Process has hardly been a ‘model of inclusion’ | Letter to the Editor
July 10, 2012 · Updated 11:18 AM
I am writing in regard to Vashon Allied Arts’ proposed new performance center design, which is currently under review at King County.
It has been disturbing for me to watch the badly flawed process that led to the building’s design. A letter in last week’s Beachcomber called this process “a model of inclusion.”
That is a characterization akin to saying that black is white.
A strategy of inclusion is essential to an organization that presents itself as the face of the arts community on Vashon. Instead, the design process we have witnessed has been hierarchical in the extreme, driven by a promise of millions of dollars from a single wealthy patron, with the all-important work of programming and conceptual design of the building done by an exclusive team committed to pushing through their own vision. Emblematic of this approach was removal of a University of Washington student’s design suggestions in a design review for the town after pressure from the executive director.
The resulting building is a perfect reflection of this process. It is inappropriately sited. It is an order of magnitude out of scale. And it is not consonant with the foundational goals of VAA.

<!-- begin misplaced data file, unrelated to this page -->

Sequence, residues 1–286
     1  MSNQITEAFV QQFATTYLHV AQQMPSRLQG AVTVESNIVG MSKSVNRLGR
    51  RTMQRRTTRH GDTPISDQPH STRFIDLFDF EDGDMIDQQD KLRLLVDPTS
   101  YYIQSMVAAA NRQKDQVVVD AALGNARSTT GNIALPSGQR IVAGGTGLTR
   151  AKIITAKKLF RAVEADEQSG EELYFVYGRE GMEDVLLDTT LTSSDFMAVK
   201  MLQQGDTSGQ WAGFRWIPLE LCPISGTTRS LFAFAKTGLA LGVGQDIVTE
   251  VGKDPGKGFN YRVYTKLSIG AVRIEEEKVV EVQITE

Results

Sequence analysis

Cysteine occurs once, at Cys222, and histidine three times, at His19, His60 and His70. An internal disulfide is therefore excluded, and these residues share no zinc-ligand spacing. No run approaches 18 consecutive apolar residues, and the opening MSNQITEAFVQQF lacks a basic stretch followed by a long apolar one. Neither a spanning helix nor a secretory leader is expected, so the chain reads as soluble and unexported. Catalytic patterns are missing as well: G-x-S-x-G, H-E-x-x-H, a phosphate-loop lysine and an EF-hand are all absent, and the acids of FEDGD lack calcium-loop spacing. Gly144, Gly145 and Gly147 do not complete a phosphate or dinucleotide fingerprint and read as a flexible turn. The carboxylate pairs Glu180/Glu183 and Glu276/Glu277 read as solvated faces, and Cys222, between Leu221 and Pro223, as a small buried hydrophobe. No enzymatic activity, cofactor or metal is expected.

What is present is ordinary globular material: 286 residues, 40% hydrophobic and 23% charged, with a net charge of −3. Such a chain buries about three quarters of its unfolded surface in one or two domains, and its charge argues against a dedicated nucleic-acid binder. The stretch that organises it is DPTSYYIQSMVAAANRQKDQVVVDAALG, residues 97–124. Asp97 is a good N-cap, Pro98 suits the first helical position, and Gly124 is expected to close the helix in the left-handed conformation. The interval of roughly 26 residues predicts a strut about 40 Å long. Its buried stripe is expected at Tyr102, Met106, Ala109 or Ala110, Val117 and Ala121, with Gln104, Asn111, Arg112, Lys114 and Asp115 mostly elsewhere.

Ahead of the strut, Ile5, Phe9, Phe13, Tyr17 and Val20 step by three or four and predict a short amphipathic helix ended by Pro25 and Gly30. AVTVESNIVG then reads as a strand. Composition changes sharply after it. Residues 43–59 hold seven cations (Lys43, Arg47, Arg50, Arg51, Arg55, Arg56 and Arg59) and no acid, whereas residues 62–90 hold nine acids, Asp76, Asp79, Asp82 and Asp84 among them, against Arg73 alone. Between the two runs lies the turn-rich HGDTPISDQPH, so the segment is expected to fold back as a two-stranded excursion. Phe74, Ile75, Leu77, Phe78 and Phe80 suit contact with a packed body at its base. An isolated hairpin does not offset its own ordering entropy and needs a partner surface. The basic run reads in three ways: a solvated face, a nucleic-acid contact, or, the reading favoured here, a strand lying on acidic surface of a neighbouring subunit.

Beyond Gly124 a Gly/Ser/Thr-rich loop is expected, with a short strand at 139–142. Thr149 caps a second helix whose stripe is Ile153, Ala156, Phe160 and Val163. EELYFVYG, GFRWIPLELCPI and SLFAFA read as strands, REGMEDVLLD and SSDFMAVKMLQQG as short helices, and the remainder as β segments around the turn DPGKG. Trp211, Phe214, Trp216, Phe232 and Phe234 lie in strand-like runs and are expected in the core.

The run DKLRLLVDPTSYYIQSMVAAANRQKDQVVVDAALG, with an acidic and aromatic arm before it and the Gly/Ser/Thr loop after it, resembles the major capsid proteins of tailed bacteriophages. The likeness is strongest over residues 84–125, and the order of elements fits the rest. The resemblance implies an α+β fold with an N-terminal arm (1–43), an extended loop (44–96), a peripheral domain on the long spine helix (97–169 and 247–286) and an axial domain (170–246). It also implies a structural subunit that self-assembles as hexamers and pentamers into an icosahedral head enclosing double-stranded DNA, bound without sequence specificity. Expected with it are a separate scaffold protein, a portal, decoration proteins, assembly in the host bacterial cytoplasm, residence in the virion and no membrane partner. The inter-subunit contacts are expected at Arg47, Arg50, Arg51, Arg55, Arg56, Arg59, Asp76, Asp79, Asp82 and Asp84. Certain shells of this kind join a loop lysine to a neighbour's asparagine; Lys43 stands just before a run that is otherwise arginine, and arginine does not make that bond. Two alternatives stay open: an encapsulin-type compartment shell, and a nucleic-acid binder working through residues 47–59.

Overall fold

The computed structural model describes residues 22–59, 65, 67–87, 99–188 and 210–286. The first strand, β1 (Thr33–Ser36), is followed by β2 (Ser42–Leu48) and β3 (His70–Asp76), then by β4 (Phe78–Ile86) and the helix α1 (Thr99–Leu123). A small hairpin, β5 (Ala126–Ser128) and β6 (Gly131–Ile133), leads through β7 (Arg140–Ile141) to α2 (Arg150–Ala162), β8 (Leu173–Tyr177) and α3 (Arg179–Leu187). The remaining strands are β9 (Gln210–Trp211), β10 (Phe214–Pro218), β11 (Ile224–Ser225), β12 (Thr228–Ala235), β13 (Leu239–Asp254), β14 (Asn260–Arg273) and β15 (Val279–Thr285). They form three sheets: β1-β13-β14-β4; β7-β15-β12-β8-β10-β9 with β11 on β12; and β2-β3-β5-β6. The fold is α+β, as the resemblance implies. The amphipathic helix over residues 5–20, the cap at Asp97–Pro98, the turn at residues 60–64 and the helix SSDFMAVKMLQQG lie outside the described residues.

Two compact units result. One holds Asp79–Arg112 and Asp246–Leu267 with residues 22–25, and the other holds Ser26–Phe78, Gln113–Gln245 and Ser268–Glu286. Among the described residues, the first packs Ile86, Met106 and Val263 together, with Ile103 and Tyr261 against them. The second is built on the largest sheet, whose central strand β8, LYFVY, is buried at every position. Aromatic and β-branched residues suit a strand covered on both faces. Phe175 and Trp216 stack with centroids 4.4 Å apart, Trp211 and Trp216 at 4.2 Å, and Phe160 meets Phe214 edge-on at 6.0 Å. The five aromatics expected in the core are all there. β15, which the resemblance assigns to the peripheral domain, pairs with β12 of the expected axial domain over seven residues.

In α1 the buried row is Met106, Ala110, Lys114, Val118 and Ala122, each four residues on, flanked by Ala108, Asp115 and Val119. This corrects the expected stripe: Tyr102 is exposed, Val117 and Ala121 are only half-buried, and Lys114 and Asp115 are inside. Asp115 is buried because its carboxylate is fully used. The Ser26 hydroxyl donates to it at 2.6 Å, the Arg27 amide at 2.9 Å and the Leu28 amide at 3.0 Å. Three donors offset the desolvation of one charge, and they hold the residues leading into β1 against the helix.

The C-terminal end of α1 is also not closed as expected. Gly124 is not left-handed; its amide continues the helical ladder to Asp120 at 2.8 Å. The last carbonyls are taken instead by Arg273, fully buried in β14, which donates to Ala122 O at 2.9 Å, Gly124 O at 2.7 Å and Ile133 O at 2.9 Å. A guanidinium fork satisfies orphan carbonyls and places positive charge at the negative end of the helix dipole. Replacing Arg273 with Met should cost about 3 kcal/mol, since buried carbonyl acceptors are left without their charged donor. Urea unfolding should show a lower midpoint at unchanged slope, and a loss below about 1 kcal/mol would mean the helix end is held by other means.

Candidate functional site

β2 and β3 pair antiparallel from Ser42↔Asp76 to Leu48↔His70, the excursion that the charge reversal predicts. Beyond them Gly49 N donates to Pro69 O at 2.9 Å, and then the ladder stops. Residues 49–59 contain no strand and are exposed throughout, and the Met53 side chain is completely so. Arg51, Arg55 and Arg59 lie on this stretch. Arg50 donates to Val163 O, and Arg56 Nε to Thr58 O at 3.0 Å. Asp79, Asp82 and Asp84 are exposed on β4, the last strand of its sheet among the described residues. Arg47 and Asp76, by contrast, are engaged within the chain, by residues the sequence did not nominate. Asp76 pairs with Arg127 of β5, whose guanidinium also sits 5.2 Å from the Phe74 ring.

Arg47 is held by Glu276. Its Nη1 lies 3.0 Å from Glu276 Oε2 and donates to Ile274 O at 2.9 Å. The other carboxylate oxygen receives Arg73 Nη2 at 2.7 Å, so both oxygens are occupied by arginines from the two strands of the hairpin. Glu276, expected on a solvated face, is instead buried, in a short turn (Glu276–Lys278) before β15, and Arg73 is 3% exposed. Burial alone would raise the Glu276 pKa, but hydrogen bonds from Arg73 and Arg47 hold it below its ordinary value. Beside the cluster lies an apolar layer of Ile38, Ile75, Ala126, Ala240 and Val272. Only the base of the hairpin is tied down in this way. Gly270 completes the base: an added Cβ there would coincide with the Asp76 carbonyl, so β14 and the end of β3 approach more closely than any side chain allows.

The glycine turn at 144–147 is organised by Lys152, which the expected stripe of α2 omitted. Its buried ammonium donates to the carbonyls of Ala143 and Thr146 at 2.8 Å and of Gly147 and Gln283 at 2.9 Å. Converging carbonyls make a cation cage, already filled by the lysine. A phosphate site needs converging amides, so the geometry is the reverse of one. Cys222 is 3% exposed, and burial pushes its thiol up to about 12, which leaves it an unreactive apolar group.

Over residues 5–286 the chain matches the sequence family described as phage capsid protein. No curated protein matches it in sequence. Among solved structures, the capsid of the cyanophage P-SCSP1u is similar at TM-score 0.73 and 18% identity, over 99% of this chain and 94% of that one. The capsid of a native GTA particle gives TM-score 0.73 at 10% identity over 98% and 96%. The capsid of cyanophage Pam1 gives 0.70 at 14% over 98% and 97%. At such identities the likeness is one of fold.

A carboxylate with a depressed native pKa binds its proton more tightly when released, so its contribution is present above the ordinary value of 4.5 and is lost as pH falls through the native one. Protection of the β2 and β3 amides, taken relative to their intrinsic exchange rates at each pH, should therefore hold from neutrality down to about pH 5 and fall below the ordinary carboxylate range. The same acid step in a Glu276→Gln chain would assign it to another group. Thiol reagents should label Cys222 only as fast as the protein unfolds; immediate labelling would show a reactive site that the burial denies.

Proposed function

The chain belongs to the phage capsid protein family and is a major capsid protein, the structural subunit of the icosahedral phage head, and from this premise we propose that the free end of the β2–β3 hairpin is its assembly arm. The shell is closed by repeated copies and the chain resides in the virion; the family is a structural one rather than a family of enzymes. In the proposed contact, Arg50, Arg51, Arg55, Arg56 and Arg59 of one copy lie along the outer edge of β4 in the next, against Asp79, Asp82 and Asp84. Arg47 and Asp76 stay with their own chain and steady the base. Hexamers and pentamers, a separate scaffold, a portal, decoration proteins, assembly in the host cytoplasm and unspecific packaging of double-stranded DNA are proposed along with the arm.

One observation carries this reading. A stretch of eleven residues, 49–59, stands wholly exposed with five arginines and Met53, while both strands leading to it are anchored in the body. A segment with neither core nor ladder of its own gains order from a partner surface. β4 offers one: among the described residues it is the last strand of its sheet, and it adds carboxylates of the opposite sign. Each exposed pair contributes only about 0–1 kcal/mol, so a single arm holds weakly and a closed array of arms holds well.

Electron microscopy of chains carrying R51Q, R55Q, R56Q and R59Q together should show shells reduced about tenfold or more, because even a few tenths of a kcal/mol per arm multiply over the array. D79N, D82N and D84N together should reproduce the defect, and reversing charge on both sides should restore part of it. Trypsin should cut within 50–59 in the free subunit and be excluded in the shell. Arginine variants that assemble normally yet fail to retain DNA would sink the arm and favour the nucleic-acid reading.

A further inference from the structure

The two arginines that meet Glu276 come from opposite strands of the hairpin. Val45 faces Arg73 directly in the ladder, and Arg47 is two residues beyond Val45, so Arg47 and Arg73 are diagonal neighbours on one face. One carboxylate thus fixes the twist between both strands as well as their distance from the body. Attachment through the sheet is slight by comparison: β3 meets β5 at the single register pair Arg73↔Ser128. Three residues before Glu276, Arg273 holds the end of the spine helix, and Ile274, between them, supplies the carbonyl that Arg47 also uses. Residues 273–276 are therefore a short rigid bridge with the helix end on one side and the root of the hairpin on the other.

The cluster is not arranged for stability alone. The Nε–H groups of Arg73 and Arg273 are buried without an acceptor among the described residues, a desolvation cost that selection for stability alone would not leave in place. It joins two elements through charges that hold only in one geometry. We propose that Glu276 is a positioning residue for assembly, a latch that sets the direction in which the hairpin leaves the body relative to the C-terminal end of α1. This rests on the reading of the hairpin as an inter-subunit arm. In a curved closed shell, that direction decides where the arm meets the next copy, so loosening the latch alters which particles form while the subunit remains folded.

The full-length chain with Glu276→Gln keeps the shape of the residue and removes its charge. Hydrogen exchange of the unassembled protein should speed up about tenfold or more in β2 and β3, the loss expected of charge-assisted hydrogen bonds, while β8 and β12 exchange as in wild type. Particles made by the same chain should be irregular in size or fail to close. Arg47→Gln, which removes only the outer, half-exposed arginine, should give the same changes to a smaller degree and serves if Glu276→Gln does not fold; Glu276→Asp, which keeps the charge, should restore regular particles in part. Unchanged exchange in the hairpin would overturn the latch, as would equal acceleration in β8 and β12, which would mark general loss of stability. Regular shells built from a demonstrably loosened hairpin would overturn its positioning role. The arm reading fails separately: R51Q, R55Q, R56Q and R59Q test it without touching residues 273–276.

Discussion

There is a groundswell of disaffection and alienation from VAA shared by many Island artists. It cannot have gone unnoticed by the VAA board; I think to a large degree it is a consequence of the elevated money quest the board has embarked upon in its goal to become a “regional hub for the arts.”
I call upon the board to put the permit application on hold, call a series of widely advertised public gatherings and listen to the community’s concerns. So far, mine have been met with barrages of salesmanship and cheerleading.
Hectoring, lecturing and sales-pitch delivery are not tools of inclusion.
I have been intermittently involved with VAA for almost 40 years and am concerned about the future of this much-loved institution. I sincerely hope the board reconsiders and recovers. A great deal is at stake.
— Evan Simmons